JF

Life on the bubble, and particularly life on the bubble in the Big Ten, is full of second, third, and fourth chances. The Minnesota Golden Gophers have yet another opportunity to save their season on Tuesday night when the Iowa Hawkeyes come to town for a nationally televised game. A rivalry that seemed to be on the verge of death a few years ago is once again alive and well. The Gophers ruined Iowa’s chance to make the NCAA tournament with an Austin Hollins buzzer beater a year ago. Iowa hopes to send the Minnesota to the NIT this year. College basketball is nothing without rivalries, and it is much better when those rivalry games matter.

No team is unbeatable in the Big Ten, especially this season when inexplicable outcomes seem like the norm, but Iowa will be especially tough for the Gophers to beat. They are bigger than the diminutive Gophers, faster too, and in a lot of ways just plain better. Earlier this season the Hawkeyes beat the Gophers by 21 in a game in which the Gophers played pretty well, and the Hawkeyes didn’t seem to break a sweat, in a fast paced and free-flowing game. Most Hawkeye games are free-flowing. Their offensive possessions are the shortest in the country, averaging barely 15 seconds before they hoist up a shot. They don’t always make their shots, but they are the best offensive rebounding team in the conference, so they get plenty of second and third shots, that they take right away too. It all adds up to the fourth best offense in the country, which could cause all sorts of problems for Minnesota’s 90th best defense.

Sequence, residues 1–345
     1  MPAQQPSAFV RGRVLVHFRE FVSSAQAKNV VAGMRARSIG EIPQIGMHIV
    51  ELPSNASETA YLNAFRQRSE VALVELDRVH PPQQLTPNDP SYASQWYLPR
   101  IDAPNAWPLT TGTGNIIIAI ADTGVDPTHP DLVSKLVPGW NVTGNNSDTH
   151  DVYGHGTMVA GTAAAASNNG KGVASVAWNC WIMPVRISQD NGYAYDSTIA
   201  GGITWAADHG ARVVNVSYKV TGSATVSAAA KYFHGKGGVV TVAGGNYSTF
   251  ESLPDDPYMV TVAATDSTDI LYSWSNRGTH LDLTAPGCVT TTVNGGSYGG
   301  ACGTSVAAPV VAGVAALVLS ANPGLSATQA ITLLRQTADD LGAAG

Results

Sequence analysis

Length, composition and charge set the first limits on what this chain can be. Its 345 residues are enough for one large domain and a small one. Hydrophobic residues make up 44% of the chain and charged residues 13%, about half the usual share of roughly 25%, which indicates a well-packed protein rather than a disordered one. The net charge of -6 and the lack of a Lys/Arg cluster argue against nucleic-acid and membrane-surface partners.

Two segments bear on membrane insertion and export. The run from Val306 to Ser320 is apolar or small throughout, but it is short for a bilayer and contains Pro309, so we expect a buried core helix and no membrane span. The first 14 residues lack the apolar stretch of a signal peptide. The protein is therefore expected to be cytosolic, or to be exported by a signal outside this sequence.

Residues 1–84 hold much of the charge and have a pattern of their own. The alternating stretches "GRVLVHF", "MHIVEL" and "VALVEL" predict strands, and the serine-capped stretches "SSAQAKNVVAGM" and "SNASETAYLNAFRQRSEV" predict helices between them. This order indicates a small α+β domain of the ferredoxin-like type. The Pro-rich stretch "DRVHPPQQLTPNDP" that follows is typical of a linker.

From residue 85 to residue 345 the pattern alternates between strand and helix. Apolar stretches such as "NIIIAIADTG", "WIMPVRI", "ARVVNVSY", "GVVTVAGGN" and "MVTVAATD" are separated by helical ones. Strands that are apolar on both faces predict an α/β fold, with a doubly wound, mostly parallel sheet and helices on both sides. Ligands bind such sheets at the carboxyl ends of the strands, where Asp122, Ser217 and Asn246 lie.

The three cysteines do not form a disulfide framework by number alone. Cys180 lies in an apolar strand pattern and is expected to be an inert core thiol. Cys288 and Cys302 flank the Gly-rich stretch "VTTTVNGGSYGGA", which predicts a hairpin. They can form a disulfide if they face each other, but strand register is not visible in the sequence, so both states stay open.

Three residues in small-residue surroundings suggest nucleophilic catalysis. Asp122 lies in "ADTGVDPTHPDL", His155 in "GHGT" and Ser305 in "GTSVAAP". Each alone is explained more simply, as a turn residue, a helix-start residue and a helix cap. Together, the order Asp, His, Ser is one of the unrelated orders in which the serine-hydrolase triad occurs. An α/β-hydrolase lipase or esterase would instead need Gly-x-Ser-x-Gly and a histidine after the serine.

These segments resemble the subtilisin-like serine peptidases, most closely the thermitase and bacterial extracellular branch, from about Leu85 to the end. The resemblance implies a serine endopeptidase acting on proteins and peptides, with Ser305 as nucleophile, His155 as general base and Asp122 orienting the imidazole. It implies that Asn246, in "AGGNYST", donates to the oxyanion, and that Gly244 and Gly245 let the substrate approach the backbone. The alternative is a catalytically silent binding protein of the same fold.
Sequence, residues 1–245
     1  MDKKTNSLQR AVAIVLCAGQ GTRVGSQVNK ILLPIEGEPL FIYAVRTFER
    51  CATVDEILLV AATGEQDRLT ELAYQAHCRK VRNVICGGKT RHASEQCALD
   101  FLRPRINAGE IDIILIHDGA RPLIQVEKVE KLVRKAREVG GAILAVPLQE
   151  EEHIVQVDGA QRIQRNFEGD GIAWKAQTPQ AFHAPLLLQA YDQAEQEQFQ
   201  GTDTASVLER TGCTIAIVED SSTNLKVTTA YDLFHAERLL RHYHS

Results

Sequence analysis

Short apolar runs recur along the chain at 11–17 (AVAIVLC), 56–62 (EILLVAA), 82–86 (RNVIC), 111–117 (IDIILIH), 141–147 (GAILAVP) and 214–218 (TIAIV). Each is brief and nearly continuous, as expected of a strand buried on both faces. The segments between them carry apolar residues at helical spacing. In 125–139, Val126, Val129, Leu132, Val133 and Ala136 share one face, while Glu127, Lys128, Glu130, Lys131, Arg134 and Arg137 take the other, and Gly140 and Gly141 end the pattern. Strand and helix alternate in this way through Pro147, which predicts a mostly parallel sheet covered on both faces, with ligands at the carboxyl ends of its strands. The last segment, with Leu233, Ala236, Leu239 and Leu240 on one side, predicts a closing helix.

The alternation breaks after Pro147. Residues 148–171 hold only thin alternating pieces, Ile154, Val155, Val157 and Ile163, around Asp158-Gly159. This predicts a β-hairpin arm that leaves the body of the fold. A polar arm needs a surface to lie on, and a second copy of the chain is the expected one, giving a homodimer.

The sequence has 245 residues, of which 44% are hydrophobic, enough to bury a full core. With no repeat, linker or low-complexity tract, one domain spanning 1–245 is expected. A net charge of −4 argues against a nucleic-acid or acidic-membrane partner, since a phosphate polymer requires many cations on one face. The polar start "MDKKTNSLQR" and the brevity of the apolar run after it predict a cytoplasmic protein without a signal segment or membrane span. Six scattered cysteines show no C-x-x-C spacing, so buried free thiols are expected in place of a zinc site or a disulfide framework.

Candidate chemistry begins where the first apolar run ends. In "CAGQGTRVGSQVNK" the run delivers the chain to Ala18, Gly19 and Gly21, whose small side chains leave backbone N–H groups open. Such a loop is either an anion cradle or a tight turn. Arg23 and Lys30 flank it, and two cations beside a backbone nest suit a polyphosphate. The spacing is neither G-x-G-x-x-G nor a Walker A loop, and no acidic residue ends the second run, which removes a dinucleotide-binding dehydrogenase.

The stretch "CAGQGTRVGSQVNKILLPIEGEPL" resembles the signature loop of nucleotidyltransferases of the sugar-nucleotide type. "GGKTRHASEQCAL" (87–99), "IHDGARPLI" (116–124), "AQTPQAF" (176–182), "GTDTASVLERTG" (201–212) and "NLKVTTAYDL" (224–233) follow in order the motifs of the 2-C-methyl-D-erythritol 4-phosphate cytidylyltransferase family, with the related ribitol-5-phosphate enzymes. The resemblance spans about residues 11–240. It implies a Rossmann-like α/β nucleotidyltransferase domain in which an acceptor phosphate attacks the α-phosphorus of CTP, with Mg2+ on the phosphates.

It should come as no surprise that the Hawkeyes can run into trouble when their offense approaches average, and this tends to happen when their outside shots aren’t falling. Defending three-point shooting teams successfully has more to do with limiting shot attempts than it does in holding teams to a low three-point shooting percentage. Basically, the logic goes, offenses only take open three-point shots, so the fewer three-point shots allowed means the fewer open shots, and therefore better defense. Whether the ball actually goes in the basket is more a matter of luck. In Iowa’s wins, they usually take a lot of three-point shots. In their losses, they usually don’t. In the first meeting between the Gophers and Hawkeyes, Iowa went 9-20 from the three-point line. Many of Iowa’s three-point attempts come in transition, and it will be vitally important for the Gophers to get back on defense.

Richard Pitino has installed an offense that is much more free-flowing, and players have much more freedom to shoot when they feel like it. Taking open shots early in the shot clock is great as long as they go in. Unfortunately, if they don’t go in, and no one is rebounding or in defensive position, those early shots can turn into outlet passes for the opponent. We saw that against Ohio State, and we’ll probably see it again against Iowa if the Gophers aren’t careful. There is a fine balance between a reckless offense that creates scoring opportunities for the defense, and an offense that is too careful and gets bogged down with rushed shots late in the shot clock. The Gophers will need to slow the game down, but can’t ruin their own attempts to score in the process. Taking advantage of fast-breaks when the numbers are there, and making wise decisions when they are not, at the very least will prevent a blow-out.

The Gophers have demonstrated that they can find the right balance between playing fast and slow. They did it for the first 22 minutes against Ohio State on Saturday, before the pendulum swung into out of control territory. If they can play smart and under control basketball for 40 minutes against the Hawkeyes, they’ll live to play another day.